As they just reached the outskirts of Santa Barbara, coming around a tight corner, Taylor suddenly saw a man standing right in the middle of the room. "What the ...!?" Was all that he could say as he tried to catch his breath. Suddenly a blinding white surrounded the car. The last thing that Taylor remembered thinking was that there was no time to brake, and then something completely weird happened. He was somewhere completely different, but for a few seconds everything, past present and future was crystal clear and something told him the Earth needed defending; defending from an enemy not of this Earth.

It took many months of inquiry by both the local police and the Nelson Institute to try to find out what actually happened that night that caused the fatal car smash. No witnesses could be found that would either deny or confirm Taylorís odd story of bizarre lights in the sky and a lone figure that had more or less materialized in front of the car. No evidence could even be found of this man.

Over-work and lack of sleep, that was what the doctorís had said. Taylor fiercely denied their claims that he had not even been driving to the institute, that Anne had insisted that she take him, which had cost her her life. However during those months a third party became involved and Taylor found his life transformed by an organization by the name of Futureís Web.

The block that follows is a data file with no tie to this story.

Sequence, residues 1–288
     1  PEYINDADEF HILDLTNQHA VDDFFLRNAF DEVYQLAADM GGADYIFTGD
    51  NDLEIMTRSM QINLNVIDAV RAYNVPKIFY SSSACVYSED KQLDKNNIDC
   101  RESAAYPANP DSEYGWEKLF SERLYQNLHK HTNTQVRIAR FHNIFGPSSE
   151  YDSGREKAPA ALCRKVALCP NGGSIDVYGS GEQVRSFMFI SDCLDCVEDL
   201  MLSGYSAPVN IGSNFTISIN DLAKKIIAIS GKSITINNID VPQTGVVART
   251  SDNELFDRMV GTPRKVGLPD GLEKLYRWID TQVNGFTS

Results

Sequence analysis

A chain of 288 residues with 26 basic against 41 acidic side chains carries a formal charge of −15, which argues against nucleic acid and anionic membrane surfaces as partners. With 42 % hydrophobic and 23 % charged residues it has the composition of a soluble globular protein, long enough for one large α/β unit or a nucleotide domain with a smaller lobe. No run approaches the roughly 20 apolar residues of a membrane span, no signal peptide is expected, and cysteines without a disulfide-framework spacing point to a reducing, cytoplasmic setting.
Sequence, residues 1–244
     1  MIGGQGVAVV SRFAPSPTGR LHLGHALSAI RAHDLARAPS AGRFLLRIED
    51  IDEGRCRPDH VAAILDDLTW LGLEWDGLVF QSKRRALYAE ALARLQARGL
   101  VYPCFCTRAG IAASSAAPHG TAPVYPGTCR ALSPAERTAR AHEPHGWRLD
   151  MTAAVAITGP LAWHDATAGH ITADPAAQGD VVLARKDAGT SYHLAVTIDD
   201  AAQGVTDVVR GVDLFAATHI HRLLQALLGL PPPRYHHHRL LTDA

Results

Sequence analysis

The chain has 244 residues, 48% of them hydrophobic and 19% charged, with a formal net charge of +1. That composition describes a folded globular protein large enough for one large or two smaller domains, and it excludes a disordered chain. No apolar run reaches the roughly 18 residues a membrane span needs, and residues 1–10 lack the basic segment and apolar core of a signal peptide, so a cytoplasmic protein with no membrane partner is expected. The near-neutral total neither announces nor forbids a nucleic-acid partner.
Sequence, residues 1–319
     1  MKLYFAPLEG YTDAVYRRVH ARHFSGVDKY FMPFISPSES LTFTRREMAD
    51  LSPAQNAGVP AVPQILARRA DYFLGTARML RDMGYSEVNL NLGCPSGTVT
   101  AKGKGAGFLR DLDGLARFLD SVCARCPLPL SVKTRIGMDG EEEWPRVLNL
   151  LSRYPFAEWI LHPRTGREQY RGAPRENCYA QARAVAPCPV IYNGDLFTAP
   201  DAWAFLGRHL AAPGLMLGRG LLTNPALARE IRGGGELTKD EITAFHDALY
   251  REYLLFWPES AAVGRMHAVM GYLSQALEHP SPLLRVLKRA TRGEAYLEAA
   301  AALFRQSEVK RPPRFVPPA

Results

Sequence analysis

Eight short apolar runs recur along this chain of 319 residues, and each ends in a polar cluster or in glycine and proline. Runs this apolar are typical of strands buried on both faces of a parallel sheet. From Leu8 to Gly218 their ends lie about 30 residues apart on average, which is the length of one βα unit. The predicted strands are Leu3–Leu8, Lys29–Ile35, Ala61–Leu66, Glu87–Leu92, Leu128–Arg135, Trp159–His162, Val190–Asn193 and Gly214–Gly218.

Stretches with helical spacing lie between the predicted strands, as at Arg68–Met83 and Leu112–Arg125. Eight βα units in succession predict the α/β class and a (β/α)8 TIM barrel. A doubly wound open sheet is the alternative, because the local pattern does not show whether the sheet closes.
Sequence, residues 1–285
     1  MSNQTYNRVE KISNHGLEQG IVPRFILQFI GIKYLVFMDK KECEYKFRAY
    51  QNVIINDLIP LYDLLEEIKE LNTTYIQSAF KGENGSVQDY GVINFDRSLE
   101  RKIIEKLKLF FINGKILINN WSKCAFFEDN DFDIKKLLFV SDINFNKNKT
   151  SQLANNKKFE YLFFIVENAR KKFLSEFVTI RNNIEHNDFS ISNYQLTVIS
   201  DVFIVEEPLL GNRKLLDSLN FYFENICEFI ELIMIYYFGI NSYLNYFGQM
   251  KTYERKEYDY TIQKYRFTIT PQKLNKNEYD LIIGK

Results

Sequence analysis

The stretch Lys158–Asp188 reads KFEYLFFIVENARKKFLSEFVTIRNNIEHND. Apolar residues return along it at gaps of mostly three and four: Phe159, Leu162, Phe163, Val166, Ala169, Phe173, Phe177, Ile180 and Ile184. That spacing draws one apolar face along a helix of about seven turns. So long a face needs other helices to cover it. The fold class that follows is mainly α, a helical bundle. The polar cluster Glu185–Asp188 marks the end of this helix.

As H.M.S. Argyll sat at anchor in the port of Silken, Tim Dalton was planning something very big and deadly just of the coast of the island of Tilírama.

The Darwin was the state of the art stealth sub. Built for the long waited alien invasion, he had put it to a much better use. Now it was payback time. Soon there would be no record of either he or his new submarine. His network of informants had also informed him that his sister was at the Atlantis Marine Site just off the island of Til'rama. However as the Darwin approached he was given some unwelcome news from sonar.

"So weíve a visitor," Dalton murmured to himself. "Have they detected us?"he asked Sonar.

"Sir, I donít now how to report this contact. One minute itís there the next, nothing."

"How far are we away from the target?" Dalton frowned. Was he becoming paranoid or was fate again playing him into a no-win scenario. There had been a time that he had thought of just taking out all his frustrations on the American government. By bombing them back to the Stone Age. But he had been taught to see the bigger picture by a wild card that was right at the heart of an American defense network.